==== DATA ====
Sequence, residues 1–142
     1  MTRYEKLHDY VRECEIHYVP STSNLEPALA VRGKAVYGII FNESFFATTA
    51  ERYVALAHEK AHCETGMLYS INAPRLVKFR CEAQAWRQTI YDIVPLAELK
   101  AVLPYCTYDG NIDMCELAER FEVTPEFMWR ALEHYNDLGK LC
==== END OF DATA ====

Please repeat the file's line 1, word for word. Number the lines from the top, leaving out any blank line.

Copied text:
Sequence, residues 1–142